White House urges 'peaceful' campus protests

White House urges ‘peaceful’ campus protests after hundreds arrested

/ 10:56 AM April 29, 2024

White House urges 'peaceful' campus protests

People pray as activists and students protest near an encampment at University Yard at George Washington University on April 28, 2024 in Washington, DC. Campus law enforcement has closed off access to the encampment for additional participants as the last remaining student activists still in the encampment have continued through their fourth day of the demonstration, in solidarity with college campuses across the United States that have started encampments to call on their universities to divest financial ties from Israel. AFP

WASHINGTON — The White House insisted Sunday that pro-Palestinian protests that have rocked US universities in recent weeks must remain peaceful, after police arrested around 275 people on four separate campuses over the weekend.

“We certainly respect the right of peaceful protests,” National Security Council spokesman John Kirby told ABC’s “This Week.”


But, he added, “we absolutely condemn the anti-Semitism language that we’ve heard of late and certainly condemn all the hate speech and the threats of violence out there.”


The wave of demonstrations began at Columbia University in New York but they have since spread rapidly across the country.

While peace has prevailed in many campuses, the number of protesters detained — at times by police in riot gear using chemical irritants and tasers — is rising fast.

READ: Pro-Palestinian protests spread at US universities

They include 100 at Northeastern University in Boston, 80 at Washington University in St Louis, 72 at Arizona State University and 23 at Indiana University.

Among those arrested at Washington University was Green Party presidential candidate Jill Stein, who faulted police for aggressive tactics she said provoked the sort of trouble they are meant to quell.

“This is about freedom of speech… on a very critical issue,” she told CNN shortly before her arrest Saturday. “And there they are, sending in the riot police and basically creating a riot.”


READ: After Columbia, students in US now upping their Gaza war protests

Protesters at Yale University established a new encampment on Sunday, the school’s independent student newspaper reported, after a previous site was taken down by police days earlier, when dozens were arrested and charged with trespassing.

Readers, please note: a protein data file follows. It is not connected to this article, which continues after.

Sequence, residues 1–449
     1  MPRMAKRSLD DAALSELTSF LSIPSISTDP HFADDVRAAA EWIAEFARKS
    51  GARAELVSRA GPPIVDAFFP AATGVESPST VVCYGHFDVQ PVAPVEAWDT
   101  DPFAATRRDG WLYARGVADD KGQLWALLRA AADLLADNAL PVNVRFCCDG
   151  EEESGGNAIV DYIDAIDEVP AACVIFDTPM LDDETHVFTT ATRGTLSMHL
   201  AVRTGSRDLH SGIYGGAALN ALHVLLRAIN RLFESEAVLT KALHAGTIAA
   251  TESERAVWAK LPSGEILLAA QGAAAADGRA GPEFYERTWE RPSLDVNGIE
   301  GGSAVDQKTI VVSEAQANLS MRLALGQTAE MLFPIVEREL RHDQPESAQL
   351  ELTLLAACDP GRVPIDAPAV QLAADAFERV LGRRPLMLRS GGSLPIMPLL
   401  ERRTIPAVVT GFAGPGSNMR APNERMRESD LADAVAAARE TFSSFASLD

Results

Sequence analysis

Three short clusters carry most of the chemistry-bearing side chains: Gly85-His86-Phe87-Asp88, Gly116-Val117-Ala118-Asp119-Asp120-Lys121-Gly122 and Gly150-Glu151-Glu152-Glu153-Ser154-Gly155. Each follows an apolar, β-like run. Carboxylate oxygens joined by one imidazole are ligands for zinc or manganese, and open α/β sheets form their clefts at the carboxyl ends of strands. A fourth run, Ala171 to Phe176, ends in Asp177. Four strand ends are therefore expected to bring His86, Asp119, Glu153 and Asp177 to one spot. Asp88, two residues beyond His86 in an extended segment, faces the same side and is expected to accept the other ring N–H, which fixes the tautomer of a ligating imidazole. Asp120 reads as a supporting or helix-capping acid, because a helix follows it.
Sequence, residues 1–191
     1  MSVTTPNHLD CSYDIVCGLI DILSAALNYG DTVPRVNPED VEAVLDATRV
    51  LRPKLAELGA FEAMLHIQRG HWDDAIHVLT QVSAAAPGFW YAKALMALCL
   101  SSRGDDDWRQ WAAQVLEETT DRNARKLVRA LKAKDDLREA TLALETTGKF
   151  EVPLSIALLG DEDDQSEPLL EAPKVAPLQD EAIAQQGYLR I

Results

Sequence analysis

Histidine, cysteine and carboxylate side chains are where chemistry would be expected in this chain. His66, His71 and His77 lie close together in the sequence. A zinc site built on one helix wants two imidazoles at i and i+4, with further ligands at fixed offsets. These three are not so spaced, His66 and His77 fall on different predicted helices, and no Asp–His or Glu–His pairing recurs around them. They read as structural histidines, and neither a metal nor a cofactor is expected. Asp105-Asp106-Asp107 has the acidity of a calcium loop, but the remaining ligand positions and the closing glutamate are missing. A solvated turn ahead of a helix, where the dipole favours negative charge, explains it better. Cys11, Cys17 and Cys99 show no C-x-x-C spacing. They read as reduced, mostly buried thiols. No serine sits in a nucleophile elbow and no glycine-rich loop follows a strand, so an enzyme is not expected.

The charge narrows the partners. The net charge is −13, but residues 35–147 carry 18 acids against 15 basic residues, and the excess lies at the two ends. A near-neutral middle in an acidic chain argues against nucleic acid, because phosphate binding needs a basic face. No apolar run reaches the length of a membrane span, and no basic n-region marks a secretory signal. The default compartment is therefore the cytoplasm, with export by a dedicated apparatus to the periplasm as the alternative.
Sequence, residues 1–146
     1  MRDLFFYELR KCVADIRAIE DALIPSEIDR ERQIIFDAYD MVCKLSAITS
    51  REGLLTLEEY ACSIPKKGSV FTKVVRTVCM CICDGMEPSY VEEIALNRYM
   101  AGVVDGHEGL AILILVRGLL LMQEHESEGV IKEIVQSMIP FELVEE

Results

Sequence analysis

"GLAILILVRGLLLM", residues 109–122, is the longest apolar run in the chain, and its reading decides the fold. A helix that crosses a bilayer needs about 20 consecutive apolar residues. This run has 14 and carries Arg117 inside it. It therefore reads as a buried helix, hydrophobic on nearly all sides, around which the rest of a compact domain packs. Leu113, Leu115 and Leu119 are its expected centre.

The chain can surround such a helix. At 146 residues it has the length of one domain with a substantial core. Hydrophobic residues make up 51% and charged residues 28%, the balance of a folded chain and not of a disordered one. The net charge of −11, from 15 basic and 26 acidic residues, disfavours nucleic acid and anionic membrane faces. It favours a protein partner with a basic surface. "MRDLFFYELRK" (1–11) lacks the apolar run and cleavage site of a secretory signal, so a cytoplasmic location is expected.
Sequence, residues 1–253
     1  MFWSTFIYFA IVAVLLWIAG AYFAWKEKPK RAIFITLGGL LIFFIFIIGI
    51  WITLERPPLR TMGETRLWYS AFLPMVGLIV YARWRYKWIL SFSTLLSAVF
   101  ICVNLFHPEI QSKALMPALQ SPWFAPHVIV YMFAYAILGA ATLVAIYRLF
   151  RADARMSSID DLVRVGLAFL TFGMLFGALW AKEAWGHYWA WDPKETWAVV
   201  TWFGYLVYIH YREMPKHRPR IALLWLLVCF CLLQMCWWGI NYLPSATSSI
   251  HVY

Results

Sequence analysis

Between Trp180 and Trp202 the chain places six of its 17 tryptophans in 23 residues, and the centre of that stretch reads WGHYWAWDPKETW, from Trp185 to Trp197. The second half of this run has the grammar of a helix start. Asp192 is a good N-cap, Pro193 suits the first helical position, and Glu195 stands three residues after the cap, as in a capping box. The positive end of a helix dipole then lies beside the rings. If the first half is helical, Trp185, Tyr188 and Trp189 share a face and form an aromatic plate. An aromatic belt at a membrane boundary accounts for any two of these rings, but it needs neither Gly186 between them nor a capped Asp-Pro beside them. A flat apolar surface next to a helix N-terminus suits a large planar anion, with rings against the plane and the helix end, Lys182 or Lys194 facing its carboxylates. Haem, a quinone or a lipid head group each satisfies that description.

College administrators have struggled to find the best response, caught between the need to respect free-speech rights and the imperative of containing inflammatory and sometimes violently anti-Semitic calls by protesters.

With final exams coming in the next few weeks, some campuses — including the Humboldt campus of California State Polytechnic University, have closed and instructed students to complete their classes online.

The activists behind the campus protests — not all of them students — are calling for a ceasefire in Israel’s war with Hamas, and want colleges to sever ties with Israel.

Hamas militants staged an unprecedented attack on Israel on October 7 that left around 1,170 people dead, according to an AFP tally of Israeli official figures.

Palestinian militants also took roughly 250 people hostage. Israel estimates 129 remain in Gaza, including 34 the military says are dead.

Your subscription could not be saved. Please try again.
Your subscription has been successful.

Subscribe to our daily newsletter

By providing an email address. I agree to the Terms of Use and acknowledge that I have read the Privacy Policy.

Israel’s retaliatory offensive has killed at least 34,454 people in Gaza, mostly women and children, according to the Hamas-run territory’s health ministry.

TAGS: education, Israel-Hamas war, protests, US, White House

© Copyright 1997-2024 INQUIRER.net | All Rights Reserved

We use cookies to ensure you get the best experience on our website. By continuing, you are agreeing to our use of cookies. To find out more, please click this link.